Ball lightning is still a mystery. One thing it certainly is not is evidence of paranormal activity. But what it is is not as certain.
Ball lightning is a rarely observed event. Fewer than five percent of people will see it even once in their lifetime. Those who do see it are among the privileged few, unless it kills them, which happens even more rarely. Photographs are nearly non-existent, given the low likelihood of an observer having a camera at the time and the briefness of the encounter.
For one species of ball lightning – there may be more than one – the descriptions are mostly very similar, indicating the phenomenon is probably real. They describe an object, mostly in the ping-pong ball to basketball size range, usually spherical, floating, hovering or moving horizontally, glowing, often with internal structure.
Georg Richmann of St. Petersburg, Russia was trying to repeat an experiment done by Benjamin Franklin the year before, involving flying a kite in a thunderstorm. It worked out alright for Franklin in 1752, but not the following year for Richmann. A lightning ball collided with his head and discharged through his body, killing him, injuring his assistant and damaging surrounding structures.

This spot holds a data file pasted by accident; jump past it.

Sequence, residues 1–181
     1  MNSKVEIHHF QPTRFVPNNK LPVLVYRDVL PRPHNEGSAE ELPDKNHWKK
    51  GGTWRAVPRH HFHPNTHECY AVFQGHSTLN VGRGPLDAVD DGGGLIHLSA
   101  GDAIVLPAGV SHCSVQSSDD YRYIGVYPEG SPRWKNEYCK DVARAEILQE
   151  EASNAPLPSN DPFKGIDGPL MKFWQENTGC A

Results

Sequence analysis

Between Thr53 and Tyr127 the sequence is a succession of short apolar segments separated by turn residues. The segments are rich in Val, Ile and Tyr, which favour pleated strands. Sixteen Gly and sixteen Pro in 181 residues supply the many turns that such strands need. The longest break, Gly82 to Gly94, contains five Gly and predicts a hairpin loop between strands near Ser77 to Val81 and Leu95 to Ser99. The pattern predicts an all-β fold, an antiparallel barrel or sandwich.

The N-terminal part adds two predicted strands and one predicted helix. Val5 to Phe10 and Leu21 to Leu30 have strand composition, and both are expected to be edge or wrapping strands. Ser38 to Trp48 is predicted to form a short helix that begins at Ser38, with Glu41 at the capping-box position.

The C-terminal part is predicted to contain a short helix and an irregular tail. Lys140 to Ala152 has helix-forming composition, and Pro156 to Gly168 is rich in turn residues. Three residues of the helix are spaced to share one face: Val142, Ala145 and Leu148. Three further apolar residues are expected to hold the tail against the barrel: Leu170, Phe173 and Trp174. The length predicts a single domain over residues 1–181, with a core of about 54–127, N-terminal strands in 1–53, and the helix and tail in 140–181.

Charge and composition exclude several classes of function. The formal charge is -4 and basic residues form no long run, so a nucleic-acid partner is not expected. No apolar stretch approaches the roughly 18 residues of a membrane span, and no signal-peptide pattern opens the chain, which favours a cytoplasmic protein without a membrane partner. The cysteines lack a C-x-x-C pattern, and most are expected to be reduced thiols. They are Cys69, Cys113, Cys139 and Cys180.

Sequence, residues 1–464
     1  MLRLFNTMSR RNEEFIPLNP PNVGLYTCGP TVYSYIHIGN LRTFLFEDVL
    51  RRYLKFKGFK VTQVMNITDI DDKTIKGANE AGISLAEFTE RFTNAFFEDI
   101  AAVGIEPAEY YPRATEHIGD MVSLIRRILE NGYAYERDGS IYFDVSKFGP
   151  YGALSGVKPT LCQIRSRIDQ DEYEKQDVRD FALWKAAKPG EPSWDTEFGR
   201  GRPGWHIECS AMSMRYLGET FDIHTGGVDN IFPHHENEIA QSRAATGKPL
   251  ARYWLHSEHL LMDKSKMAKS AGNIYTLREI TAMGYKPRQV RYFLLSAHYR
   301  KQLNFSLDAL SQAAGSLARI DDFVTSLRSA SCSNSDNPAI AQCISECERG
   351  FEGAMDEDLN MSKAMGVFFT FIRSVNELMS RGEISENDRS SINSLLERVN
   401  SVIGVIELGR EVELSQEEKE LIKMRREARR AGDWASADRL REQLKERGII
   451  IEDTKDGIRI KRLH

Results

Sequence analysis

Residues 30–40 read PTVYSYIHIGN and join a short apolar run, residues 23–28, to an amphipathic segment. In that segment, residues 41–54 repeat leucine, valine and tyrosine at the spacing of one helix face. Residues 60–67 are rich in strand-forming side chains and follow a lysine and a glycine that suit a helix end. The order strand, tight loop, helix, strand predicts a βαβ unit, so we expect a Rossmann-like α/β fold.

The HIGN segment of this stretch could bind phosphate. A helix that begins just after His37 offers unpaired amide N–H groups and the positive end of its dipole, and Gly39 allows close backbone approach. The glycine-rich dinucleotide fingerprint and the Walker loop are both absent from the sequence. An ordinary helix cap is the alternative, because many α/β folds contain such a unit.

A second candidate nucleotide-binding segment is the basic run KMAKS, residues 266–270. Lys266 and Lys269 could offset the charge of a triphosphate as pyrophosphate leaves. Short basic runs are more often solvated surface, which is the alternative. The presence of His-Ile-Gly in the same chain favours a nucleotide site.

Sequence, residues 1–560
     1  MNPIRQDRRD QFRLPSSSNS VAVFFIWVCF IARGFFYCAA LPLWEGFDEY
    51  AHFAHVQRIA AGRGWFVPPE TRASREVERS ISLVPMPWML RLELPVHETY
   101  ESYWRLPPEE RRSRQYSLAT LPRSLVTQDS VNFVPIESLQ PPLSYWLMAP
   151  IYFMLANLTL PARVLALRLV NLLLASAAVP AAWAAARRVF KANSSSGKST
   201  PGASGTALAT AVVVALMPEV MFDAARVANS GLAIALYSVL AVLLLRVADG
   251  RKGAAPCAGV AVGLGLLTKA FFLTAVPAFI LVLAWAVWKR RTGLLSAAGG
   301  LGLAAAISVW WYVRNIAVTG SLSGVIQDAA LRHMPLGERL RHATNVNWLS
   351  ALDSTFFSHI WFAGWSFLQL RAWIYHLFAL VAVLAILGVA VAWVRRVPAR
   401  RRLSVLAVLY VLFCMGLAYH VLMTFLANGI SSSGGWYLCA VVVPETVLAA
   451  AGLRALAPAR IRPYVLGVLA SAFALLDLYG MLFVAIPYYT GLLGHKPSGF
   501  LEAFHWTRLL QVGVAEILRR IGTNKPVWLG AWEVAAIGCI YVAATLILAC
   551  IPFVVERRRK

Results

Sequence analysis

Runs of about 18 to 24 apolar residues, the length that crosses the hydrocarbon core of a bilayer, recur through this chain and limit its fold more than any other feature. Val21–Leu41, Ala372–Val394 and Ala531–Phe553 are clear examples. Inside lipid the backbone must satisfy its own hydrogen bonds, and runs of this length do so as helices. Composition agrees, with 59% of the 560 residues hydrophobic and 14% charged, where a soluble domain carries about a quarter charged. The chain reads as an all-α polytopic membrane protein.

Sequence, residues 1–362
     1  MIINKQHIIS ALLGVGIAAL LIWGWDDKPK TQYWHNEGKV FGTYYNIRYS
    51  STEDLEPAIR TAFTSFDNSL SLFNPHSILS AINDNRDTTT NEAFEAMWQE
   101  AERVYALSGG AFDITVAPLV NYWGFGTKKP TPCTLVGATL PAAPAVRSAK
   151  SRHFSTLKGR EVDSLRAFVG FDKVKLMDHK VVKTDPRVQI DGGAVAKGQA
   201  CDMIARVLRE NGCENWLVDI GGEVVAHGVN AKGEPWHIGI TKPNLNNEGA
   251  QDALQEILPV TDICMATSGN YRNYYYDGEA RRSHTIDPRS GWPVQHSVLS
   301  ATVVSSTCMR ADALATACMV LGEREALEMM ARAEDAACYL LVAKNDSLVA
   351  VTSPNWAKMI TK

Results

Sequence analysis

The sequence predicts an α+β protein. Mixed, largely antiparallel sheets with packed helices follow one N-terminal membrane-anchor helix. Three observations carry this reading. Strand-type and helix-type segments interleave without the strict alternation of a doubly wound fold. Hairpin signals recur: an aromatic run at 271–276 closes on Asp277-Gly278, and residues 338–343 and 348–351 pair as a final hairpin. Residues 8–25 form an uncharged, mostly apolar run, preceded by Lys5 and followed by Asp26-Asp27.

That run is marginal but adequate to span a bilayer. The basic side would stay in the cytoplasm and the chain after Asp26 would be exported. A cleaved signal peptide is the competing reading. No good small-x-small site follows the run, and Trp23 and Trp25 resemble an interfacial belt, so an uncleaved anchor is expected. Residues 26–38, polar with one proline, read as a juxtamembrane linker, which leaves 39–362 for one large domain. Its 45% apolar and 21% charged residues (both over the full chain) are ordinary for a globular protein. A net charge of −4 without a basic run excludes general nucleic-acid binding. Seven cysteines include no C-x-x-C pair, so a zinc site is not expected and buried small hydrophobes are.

Other reports have happier outcomes. People describe the experience as enchanting or amazing. For some there’s a sense of calm and often there are mystical overtones. Naturally, the balls have been used as omens and portents. Their rarity, beauty and potential danger make them special.
Any theory of ball lightning must explain several things, such as why they float and why they persist for so long, typically a few seconds. By comparison, real lightning is over in a flash.
Once past the sprites and pixies, gods and demons, there are a few scientific hypotheses. The two main categories are hot plasma and warm dust, both kicked up by a bolt of lightning. The hot plasma would account for the glow, but would be hotter than most accounts. Also, a bubble of hot plasma would rise quickly out of sight, not hover. The warm dust contains tiny mineral particles which burn slowly when exposed to oxygen, while there’s enough static charge for internal sparking as well as hovering.
Ball lighting has been produced in the laboratory using the dust hypothesis, but the natural phenomenon is still a mystery.